Residential Land Developers and the Completed Contract Method of Accounting

Construction|Real Estate|Tax

By Natasa Capuzzi

Under IRC Section 460(e), taxpayers that have large home construction contracts could defer taxable income until 95% of estimated costs have been incurred.  See our prior insight “Home Builders and the Completed Contract Method of Accounting” for further detail.
In a recent court ruling, a real estate development company was not able to use the completed contract method of accounting to defer income. The firm involved was a residential land developer that sold the lots to individuals or builders and not a homebuilder who constructed dwelling units.  Within the meaning of IRC Section 460(e), the developer would have to “build, construct, reconstruct, rehabilitate, or install integral components to dwelling units or real property improvements directly related to and located on the site of such dwelling units” to qualify for the completed contract method.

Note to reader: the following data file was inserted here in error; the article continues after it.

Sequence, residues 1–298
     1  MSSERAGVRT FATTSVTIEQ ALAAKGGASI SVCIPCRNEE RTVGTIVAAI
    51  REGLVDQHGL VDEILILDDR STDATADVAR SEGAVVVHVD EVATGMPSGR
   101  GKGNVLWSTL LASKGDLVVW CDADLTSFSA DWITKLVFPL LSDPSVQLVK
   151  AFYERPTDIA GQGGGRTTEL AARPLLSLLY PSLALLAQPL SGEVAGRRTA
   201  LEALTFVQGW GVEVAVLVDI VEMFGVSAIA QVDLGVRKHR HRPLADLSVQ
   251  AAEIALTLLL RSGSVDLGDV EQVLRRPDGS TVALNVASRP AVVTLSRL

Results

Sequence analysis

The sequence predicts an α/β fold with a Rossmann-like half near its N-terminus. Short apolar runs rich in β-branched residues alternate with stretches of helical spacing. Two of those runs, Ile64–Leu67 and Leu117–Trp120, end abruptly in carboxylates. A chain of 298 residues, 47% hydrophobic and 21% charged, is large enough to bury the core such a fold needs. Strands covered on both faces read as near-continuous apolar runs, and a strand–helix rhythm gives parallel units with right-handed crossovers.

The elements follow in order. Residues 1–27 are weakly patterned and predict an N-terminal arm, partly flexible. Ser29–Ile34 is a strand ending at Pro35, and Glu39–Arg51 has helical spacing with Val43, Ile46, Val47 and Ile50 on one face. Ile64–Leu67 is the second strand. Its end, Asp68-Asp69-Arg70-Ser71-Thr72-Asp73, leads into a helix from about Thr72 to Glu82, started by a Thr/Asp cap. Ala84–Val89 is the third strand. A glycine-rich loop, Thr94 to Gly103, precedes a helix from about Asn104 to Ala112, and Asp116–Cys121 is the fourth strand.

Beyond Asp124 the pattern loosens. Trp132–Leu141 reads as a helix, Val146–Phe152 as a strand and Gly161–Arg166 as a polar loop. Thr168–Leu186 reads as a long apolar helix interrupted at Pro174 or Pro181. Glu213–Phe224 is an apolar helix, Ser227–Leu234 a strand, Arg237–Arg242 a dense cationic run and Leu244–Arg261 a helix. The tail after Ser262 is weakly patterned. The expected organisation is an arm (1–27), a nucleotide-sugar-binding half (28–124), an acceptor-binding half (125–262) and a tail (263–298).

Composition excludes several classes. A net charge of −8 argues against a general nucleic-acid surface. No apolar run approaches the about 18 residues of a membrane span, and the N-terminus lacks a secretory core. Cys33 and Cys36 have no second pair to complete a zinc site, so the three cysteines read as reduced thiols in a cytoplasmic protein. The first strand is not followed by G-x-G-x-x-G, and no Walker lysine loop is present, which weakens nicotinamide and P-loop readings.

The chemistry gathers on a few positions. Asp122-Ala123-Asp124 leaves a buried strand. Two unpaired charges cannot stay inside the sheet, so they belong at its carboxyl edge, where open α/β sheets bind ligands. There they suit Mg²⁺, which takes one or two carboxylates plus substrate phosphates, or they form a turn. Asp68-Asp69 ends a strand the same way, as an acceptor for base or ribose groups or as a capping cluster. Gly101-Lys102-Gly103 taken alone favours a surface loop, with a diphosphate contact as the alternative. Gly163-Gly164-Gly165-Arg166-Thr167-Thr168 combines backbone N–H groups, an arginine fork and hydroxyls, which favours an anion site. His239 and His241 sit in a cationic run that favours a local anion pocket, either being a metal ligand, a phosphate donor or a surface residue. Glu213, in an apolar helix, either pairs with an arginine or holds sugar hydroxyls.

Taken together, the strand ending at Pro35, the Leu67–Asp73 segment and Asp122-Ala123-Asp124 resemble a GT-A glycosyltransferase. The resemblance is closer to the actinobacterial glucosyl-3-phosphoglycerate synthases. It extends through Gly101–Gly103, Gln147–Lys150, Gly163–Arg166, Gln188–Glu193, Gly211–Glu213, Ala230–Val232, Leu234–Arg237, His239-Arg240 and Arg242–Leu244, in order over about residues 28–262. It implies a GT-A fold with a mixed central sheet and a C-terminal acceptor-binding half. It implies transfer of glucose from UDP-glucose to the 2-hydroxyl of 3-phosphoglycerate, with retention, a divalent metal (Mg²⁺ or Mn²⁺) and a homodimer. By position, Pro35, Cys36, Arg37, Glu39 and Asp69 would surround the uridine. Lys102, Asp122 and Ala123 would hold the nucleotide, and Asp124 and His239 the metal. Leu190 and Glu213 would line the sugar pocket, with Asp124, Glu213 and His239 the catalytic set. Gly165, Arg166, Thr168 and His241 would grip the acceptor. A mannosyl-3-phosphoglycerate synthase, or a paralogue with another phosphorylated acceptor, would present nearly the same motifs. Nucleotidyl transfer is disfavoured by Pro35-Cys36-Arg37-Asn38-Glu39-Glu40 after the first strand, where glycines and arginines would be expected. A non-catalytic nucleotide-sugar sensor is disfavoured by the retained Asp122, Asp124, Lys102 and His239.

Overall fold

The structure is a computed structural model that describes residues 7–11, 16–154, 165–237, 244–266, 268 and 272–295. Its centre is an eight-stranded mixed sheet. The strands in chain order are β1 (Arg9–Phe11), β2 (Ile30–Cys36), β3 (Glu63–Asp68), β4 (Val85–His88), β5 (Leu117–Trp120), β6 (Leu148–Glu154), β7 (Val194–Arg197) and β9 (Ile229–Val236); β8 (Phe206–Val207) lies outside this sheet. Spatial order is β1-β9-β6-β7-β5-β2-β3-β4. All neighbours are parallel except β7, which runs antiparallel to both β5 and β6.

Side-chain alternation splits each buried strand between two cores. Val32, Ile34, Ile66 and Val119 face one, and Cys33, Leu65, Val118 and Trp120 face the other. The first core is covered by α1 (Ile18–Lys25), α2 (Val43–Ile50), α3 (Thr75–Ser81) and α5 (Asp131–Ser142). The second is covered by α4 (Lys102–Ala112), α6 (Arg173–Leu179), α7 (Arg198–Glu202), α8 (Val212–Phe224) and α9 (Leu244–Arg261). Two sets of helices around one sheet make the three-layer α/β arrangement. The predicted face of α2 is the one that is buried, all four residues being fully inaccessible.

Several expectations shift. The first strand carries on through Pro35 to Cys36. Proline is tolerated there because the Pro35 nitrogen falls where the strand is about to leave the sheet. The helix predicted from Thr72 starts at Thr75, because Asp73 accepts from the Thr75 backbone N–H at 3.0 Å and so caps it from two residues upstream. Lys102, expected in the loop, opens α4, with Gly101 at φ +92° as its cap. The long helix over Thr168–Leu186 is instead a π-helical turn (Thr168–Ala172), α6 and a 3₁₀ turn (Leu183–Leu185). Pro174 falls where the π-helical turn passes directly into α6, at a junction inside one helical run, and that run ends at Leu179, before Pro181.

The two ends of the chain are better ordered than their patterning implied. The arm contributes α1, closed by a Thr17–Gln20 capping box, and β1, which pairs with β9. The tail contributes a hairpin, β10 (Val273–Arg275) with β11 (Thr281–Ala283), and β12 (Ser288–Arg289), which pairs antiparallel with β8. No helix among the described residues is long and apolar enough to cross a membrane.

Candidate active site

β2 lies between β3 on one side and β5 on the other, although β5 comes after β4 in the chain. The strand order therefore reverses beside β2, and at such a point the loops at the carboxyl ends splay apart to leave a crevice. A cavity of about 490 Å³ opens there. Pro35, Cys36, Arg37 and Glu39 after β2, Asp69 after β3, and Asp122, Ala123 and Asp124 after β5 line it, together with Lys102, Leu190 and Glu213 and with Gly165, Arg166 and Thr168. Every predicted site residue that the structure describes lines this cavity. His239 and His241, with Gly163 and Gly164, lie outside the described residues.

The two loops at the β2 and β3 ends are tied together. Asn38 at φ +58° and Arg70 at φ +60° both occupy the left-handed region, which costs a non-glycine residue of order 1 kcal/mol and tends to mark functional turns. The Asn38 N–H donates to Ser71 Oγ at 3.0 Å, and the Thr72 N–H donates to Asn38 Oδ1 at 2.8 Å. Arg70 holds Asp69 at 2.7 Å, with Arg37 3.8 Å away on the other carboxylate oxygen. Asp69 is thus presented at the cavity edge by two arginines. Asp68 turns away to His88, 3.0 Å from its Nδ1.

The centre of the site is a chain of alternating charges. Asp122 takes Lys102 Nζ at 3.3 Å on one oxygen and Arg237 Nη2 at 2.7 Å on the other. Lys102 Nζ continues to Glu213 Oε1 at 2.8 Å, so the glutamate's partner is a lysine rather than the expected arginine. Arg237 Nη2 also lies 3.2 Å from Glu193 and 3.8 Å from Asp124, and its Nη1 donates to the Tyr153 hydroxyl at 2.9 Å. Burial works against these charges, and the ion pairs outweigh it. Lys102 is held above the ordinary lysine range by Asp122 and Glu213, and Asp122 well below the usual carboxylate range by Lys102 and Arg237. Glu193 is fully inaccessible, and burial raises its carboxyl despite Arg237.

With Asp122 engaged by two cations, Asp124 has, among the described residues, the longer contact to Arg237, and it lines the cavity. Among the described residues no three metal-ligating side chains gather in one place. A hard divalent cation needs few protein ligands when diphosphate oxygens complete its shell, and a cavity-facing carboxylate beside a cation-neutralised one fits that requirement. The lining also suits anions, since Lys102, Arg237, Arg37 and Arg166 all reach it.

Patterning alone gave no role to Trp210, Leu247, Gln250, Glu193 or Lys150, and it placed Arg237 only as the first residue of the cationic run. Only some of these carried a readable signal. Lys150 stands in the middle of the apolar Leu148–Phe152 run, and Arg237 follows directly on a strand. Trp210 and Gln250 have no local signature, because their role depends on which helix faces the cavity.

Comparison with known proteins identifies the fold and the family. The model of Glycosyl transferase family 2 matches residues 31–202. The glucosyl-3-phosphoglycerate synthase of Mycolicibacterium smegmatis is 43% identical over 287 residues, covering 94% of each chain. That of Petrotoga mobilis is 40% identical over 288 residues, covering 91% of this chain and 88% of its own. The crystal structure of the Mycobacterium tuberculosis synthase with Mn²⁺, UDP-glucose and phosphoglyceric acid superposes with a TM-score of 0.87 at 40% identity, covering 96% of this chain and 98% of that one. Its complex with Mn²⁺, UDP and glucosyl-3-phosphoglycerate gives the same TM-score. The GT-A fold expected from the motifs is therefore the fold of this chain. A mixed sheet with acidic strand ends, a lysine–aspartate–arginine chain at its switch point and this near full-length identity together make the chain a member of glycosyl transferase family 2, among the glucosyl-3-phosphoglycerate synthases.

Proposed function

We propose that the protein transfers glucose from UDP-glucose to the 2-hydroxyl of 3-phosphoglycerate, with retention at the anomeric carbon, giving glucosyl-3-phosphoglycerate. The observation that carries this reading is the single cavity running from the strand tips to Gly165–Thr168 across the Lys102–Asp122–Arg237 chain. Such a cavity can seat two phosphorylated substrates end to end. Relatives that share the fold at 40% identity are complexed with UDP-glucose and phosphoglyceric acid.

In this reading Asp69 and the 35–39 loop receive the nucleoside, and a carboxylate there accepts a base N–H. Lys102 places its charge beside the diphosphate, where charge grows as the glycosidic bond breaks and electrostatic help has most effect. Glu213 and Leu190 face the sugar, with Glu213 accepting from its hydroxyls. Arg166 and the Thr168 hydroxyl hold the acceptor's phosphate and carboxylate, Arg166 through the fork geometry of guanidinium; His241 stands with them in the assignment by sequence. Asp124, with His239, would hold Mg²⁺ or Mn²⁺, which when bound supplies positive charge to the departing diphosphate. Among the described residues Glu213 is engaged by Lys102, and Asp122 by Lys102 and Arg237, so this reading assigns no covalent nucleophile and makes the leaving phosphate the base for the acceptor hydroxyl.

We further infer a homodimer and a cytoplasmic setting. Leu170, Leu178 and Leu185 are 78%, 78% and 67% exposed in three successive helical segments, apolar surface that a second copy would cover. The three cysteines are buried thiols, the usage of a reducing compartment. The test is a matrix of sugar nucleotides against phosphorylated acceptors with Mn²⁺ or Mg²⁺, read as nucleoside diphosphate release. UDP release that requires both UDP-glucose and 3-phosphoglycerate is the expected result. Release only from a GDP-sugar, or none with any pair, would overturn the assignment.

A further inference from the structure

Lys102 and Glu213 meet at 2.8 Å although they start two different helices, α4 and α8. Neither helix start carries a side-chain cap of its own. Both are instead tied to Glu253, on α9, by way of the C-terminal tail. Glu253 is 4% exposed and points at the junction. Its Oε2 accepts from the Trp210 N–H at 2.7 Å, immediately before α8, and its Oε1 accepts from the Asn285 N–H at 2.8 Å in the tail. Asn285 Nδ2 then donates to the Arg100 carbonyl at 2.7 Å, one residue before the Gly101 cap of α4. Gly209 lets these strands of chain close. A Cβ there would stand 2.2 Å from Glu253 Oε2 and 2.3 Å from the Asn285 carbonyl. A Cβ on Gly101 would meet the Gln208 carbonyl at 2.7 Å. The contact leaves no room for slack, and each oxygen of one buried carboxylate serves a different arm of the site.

Due to the fact that the land developer’s bulk sale and custom lot contracts were long-term construction contracts, the developer was entitled to account for the gain or loss from these contracts on another long-term method of accounting to the extent the contracts were not completed within the tax year in which they were earned.

Material discussed is meant for informational purposes only, and it is not to be construed as investment, tax, or legal advice. Please note that individual situations can vary. Therefore, this information should be relied upon when coordinated with individual professional advice.

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